An EUTM application was filed by Ciacci Piccolomini d’Aragona di Bianchini Società Agricola (“Ciacci”) for the word mark PICCOLOMINI in class 33 for “alcoholic beverages (except beers)”. It was opposed by Henkell & Co. Sektkellerei KG (“Henkell”) on the basis of its earlier EU work mark PICCOLO in classes 33 (“alcoholic beverages (except beers), in particular wines, still wines, sparking wines, herb wines and vermouth, spirits”) and 42 (“providing of food and drink; temporary accommodation”) on the basis of a likelihood of confusion.

During the opposition proceedings, Henkell was required to prove genuine use of its mark PICCOLO which, according to the Opposition Division, it did and so the opposition was upheld in its entirety. The Opposition Division’s decision was appealed by Ciacci, however, resulting in it being annulled by the First Board of Appeal. The Board held that the term “piccolo” formed part of internationally used wine terminology and that even those consumers who did not understand the term would not automatically assume it to be a trade mark. It also pointed out that the sign PICCOLO was used by Henkell in a descriptive manner or in an abbreviated form, and was featured exclusively together with other descriptive terms such as “dry” or with the company name “Henkell”.

Henkell’s submissions

Henkell, appealed to the General Court that the evidence filed during the course of the opposition proceedings was sufficient to prove that there had been genuine use of the earlier mark.

It argued that, contrary to what the Board of Appeal had found, the earlier mark had been used as a trade mark and not only in a descriptive manner. Evidence of use submitted included images of sparkling wine bottles, excerpts from price lists showing a range of bottles bearing the word mark and invoices to companies based in Greece, Italy and Finland concerning the delivery of bottles of “HENKELL TRO. DRY SEC PICC”.

The General Court held, however, that the way in which the earlier mark was used on the product did not make it possible to conclude that the mark had been used as a trade mark. The term “piccolo” was not displayed on the goods or on the packaging in a prominent way which attracted the consumer’s attention, with the term “henkell” being instead the dominant element.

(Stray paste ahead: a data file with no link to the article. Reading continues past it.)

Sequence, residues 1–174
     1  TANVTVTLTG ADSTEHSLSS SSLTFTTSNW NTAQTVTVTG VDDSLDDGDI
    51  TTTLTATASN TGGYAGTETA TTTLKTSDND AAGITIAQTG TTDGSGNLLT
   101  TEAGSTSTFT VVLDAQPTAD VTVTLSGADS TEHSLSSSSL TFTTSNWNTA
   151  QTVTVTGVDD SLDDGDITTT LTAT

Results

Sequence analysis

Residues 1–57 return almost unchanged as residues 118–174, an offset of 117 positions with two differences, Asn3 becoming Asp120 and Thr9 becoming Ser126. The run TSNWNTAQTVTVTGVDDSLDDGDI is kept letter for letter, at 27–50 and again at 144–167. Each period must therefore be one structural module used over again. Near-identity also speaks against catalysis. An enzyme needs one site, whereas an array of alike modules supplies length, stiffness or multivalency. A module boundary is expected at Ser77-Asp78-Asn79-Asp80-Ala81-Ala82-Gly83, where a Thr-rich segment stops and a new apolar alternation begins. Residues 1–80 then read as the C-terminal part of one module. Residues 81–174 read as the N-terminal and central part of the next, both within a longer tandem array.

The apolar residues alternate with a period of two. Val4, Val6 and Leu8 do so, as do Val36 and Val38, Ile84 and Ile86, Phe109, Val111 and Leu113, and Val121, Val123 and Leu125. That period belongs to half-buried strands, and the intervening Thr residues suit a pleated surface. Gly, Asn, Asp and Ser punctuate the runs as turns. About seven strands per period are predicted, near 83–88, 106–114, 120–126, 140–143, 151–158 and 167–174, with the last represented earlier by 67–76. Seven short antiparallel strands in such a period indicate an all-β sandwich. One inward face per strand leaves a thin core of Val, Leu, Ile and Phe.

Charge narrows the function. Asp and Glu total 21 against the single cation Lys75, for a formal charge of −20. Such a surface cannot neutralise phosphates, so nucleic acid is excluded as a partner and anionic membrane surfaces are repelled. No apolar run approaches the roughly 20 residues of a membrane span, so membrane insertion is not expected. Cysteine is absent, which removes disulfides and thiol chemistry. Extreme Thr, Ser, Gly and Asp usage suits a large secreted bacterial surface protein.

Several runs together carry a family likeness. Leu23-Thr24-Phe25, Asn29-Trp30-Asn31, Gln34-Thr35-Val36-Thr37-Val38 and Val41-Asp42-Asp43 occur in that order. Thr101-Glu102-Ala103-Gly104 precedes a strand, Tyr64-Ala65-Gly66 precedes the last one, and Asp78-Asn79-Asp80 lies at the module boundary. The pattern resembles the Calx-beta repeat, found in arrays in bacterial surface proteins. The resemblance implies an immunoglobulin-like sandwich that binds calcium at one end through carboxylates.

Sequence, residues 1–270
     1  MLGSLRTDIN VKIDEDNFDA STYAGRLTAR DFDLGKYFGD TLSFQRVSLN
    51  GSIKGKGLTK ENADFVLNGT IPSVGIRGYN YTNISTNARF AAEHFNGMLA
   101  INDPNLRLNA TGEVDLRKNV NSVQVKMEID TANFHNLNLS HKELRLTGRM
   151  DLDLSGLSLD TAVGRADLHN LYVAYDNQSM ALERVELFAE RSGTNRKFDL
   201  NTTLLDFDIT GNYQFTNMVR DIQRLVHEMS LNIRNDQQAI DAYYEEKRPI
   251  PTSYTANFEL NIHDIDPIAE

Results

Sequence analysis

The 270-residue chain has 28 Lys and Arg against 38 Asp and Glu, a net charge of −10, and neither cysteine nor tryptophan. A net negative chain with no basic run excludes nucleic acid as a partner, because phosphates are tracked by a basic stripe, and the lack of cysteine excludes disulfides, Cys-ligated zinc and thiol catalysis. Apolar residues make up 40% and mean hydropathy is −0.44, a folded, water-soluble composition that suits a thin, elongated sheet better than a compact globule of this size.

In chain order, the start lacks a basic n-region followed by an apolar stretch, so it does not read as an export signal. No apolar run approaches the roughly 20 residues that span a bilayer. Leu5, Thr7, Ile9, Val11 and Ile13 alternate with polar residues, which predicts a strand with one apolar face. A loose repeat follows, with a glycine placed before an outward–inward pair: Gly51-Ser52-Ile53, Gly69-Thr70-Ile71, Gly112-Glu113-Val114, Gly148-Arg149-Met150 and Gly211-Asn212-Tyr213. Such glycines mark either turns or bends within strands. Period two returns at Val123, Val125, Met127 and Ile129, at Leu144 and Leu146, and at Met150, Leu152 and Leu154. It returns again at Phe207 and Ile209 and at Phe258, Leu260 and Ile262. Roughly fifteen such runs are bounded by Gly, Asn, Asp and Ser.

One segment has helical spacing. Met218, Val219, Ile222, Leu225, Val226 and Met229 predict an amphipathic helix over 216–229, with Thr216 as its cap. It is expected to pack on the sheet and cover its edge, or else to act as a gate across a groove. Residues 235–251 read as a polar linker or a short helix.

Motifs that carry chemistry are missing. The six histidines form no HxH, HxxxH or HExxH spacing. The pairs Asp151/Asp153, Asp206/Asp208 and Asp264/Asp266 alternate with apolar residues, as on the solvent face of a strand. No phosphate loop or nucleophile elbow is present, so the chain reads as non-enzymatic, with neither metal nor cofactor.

Furthermore, the term “piccolo” was used in the price lists and invoices simply to describe the size of the bottle and was automatically associated with 0.2 litre bottles in the same way that “magnum” was used to designate a 1.5 litre bottle. With regards to the invoices in particular, the fact that the abbreviated term “picc” always appeared after the words “trocken dry sec” or “tro. dry sec”, which all describe the sweetness of the wine in different languages, therefore suggests that the term “piccolo” was itself descriptive and was not another indication of the commercial origin. It was therefore concluded that the evidence did not prove to the requisite legal standard that the earlier mark was put to genuine use during the relevant period.


Accordingly, the General Court upheld the Board of Appeal’s decision that the earlier EUTM had not been genuinely used during the relevant period. The mark was secondary to the company name “henkell” on both goods and packaging and it was this company name that would be perceived as an indication of commercial origin.